August 27, 2012 11:13 am by Arundhati Parmar | 0 Comments
Growing at a compounded annual rate of 5.1 percent, the global spine surgery devices market is set to be worth $14.8 billion in five years.
The market can be divided into four segments – fusion, non-fusion, vertebral compression fracture treatment products and spine biologics – according to MarketsandMarkets. An aging population with increasing demand combined with technological innovations is fueling the demand for such tools.
However, a focus on cutting costs, economic slowdown as well as uncertain reimbursement policies will hamper some of the growth.
The key players include DePuy Synthes, (part of Johnson & Johnson) Stryker, Medtronic,NuVasive and Zimmer in the U.S. The market has also seen some consolidation. In April, 2011, Johnson & Johnson acquired Synthes with the transaction closing for $19.7 billion, the largest deal ever done by J&J.
Stryker, which was the top Orthopedics and Spine company in 2011 by revenue, announced that it would buy Memometal Technologies for up to $162 million in June.
Medtronic had its own multibillion-dollar acquisition in its Spine division, when it bought Kyphon for over $4 billion. That acquisition made under former CEO William Hawkins hasn’t borne fruit even after five years.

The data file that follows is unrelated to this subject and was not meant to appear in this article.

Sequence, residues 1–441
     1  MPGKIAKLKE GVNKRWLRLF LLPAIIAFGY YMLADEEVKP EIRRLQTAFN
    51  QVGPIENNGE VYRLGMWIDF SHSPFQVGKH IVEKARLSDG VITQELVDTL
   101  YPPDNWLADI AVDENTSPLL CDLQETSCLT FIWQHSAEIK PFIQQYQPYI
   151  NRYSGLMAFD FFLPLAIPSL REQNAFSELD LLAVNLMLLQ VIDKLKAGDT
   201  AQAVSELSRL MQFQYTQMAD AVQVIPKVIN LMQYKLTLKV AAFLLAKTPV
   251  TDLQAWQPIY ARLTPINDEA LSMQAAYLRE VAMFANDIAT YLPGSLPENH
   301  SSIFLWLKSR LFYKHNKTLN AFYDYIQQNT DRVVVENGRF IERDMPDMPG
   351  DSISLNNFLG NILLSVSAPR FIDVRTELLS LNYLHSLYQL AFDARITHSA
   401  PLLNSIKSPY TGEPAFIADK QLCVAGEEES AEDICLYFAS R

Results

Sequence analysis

Even aside from the Kyphon acquisition, Medtronic’s Spine division has been struggling for quite some time. However, in the company’smost recent quarter, its Core Spine businessshowed some signs of life. In the previous quarter, the company’s CEO, Omar Ishrak, had given rise to speculation about a possible divestment when he said that such poor showing in the Spine business was not sustainable over the longer term.
Meanwhile, Medtronic is also waiting to hear back from Yale researchers who are studying the company’s controversial bone morphogenic product called Infuse. The spinal fusion product has been labeled as unsafe by critics who charge that many doctors who published data on it had lucrative financial relations with the company and overstated its efficacy.
Meanwhile, companies like Trans1, which MarketsandMarkets includes as a key market player, are among those who are trying to fill the gap left in the wake of Infuse.
On the Core Spine side, which essentially consists of plates, b0lts and screws, Medtronic has been challenged by startups like NuVasive, with which it has repeatedly wrangled legally.